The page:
Insight News

Tuesday
Sep 02nd

Commentary

Children drop out and into lives of poverty and imprisonment

A homeless man talking about how he ended up on the streets said he had wanted to get in with the "cool" crowd in 8th or 9th grade—a crowd that smoked marijuana, got into fights, and skipped school. No adult reached out to help him turn his life around so he continued his decline into a life of chronic joblessness and poverty, and long stretches of incarceration after he dropped out of school.
Youths who drop out of school represent a colossal loss to our communities and nation.
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We fall down: Recidivism among African Americans

As a result of tough crime policies and a discriminatory War on Drugs program, thousands of Black Americans have taken a fall from which they can’t get up.  Racial disparities in education, jobs and social practices all contribute to Blacks’ presence among America’s booming prison population.
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Mr. President you are blocking the sun

It is said that when Alexander the Great visited the philosopher Diogenes he asked the wise man if there was anything he could do for him.  Diogenes is said to have replied, “Yes.  Stand a little less between me and the sun.”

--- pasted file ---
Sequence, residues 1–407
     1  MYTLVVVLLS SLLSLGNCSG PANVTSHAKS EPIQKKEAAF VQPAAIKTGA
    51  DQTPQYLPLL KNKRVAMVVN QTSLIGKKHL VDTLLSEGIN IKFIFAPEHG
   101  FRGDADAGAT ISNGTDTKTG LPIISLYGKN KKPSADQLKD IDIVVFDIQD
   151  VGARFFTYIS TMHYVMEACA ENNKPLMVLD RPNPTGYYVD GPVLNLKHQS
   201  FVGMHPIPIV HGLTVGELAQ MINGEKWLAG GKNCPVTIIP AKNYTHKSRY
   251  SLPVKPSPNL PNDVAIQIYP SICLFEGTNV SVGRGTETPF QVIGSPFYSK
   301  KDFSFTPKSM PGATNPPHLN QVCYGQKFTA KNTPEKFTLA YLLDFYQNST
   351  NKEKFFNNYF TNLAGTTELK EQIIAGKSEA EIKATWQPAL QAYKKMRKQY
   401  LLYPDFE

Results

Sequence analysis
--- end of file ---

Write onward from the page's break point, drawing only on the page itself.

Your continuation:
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Increase welfare support

The current economic crisis has prompted legislators on both sides of the political aisle to consider ways to support the nation’s middle class through the financial downturn. But who is thinking about the nation’s poor, those individuals, many of whom support a family, who, in 1996, were cut off from federal financial support in the name of reform.
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2010 Session Preview

A new decade is upon us and with it come great challenges. I want to talk about the critical issues facing our community and state and what we can do at the State Capitol this session to improve the lives of Minnesotans.
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Rep. Keith Ellison's Op-Ed for Matt Entenza

In 1987, when I sat down for my first day of law school at the U of M, a tall white guy was already sitting in the next chair. His name was Matt Entenza and I have been close to him ever since.
We were student activists together, our children were born around the same time, and we have always shared the values of generosity and inclusion.
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Jasmine Lynn: No hiding place from gun violence

Nineteen-year-old Jasmine Lynn arrived at Atlanta's Spelman College, my alma mater, as a smart, dedicated student full of promise. She was a psychology major with a 3.8 grade point average who wanted to be a lawyer. Her friends knew her as "a beautiful, free spirited ball of energy [who] always had a smile on her face." But last September, just a few weeks into her sophomore year at Spelman, Jasmine was walking with friends on the nearby campus of Clark Atlanta University when she was hit and killed by a stray bullet.
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